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The Teacher/Student Mismatch as a Site for Diffracting Subjectivity

Newbery, Mary Joyce

Currently, in the United States, there is an urgency to address the perceived failure of contemporary public schools to educate diverse populations. This sense of failure is propped up by performance discrepancies between White, middle-class youth and low-income, including most often, youth of color. This disparity, frequently referred to as "the achievement gap," drives mandatory school improvement policies and practices designed to improve outcomes for underperforming, sub-categorically, school populations. Amid these interrelated policies and practices, all of which are dependent upon assumptions requiring predictability, generalizability, and stability as characteristics of sub-populations and their constituent subjects, the racial divide and the economic gap have been re-coded in terms of differences in exam scores (Taubman, 2009, p. 154).
One significant implication of populational reasoning as recently deployed in contemporary U.S. public schools is that teachers-frequently White, middle-class women-are increasingly attributed with a categorical bias that "has increasingly served as a possible explanation [emphasis added] for the 'achievement gap,'" rather than as a contributing factor embedded in "demographic factors … far more complex than [previously] indicated" in education research (Farkas 2004, as cited in Takei & Shouse, 2007, p. 368; Ferguson, 1998; Perry, 2003). In this way, the frequent failures and non-proficiencies of both teachers and students, key components of crisis discourses, are often attributed to simplistically applied and unexamined "racial asymmetry" (p. 368) and undesirably framed within a "cultural and demographic mismatch" (Grant & Gibson, 2011, p. 25).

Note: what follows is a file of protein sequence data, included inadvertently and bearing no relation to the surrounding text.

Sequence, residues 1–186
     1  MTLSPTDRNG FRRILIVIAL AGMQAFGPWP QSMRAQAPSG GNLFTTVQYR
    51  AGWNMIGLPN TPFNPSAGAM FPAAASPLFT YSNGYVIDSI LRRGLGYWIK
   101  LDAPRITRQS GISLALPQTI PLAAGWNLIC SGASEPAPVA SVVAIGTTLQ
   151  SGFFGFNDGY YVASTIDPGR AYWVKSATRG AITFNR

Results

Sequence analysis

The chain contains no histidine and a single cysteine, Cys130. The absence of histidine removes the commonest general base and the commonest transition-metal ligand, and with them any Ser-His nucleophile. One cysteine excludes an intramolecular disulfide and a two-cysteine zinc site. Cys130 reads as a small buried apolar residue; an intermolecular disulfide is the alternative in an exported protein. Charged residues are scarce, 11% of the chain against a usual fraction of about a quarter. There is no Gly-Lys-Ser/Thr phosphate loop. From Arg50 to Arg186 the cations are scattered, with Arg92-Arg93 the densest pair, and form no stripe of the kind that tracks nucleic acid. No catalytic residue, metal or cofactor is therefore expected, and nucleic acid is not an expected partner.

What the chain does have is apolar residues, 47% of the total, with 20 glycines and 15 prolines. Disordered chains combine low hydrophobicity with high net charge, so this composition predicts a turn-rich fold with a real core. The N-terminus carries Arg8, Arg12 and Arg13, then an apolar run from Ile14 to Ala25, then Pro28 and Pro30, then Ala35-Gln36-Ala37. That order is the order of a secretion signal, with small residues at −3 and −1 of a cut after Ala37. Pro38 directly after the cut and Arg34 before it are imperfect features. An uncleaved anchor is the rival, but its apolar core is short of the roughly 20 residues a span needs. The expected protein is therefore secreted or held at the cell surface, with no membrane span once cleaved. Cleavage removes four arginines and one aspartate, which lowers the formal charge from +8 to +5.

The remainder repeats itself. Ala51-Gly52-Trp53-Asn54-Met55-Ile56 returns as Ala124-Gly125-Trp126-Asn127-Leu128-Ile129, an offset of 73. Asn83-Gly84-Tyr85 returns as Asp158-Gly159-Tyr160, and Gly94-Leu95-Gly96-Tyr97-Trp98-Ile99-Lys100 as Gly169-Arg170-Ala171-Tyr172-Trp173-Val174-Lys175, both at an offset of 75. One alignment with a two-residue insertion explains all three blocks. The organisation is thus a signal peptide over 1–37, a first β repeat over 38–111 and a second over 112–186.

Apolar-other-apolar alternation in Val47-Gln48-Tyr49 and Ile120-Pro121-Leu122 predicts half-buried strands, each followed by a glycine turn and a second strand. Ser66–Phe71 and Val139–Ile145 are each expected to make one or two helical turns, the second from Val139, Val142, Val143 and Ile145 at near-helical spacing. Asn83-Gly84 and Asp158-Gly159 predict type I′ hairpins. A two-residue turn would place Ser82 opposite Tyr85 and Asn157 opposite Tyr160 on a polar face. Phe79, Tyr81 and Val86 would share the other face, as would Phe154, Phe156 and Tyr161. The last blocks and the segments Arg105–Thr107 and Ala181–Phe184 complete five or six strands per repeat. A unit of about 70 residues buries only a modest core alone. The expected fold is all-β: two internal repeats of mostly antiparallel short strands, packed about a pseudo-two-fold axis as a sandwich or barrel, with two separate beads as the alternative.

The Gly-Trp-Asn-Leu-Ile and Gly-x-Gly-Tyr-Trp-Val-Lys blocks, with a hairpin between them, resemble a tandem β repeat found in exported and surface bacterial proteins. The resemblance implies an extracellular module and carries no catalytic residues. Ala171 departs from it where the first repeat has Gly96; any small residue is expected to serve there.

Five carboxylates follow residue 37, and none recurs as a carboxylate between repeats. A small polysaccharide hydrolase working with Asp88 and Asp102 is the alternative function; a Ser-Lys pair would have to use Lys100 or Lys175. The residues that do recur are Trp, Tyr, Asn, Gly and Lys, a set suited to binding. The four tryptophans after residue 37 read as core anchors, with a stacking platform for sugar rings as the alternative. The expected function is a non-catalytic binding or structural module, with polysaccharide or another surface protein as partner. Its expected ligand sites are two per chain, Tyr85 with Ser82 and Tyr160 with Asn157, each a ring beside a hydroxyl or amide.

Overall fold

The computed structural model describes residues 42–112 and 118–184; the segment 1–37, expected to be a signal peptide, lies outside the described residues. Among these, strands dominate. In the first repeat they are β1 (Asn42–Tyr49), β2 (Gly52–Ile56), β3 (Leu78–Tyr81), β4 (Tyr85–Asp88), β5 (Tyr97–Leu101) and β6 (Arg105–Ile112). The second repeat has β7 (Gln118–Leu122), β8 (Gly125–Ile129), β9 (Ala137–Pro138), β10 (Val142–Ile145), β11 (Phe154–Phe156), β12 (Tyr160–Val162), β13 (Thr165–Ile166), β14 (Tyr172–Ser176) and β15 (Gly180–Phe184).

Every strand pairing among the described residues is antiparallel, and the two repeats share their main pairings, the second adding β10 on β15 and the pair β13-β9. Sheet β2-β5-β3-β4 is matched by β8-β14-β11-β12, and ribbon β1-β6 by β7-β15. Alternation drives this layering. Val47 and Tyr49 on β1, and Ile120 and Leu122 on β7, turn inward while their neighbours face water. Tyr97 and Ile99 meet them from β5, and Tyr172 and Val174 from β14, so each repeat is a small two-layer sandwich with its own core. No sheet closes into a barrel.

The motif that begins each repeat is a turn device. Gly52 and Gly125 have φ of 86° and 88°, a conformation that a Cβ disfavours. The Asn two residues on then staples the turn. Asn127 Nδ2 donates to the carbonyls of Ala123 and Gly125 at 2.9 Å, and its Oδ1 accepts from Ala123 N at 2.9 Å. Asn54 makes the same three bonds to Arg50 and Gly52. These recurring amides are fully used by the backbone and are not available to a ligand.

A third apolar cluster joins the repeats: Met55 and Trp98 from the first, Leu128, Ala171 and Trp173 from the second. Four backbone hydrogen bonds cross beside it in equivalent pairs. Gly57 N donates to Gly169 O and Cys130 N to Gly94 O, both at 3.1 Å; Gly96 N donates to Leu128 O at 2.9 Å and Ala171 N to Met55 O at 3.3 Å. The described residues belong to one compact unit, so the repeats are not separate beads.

In order to trouble commonsensical conceptualizations of this mismatch, this conceptual study works toward re-theorizing the mismatch as both a concept and as a subject-glomming "hub" in schools and society in ways that articulate difference differently. By diffracting feminist, new materialist and poststructural theories of subjectivity through the material discursive fields surrounding a contemporary work of art and a post-industrial city, notions of diffraction, as both a methodological tool and as a concept, are developed. Experimenting with the notion of concept as method, "mismatched" subjects are re-presented as non-individuated subjectivities that emerge within ever-changing material/discursive fields.

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More About This Work

Academic Units
Curriculum and Teaching
Thesis Advisors
Miller, Janet L.
Degree
Ph.D., Columbia University
Published Here
March 2, 2018
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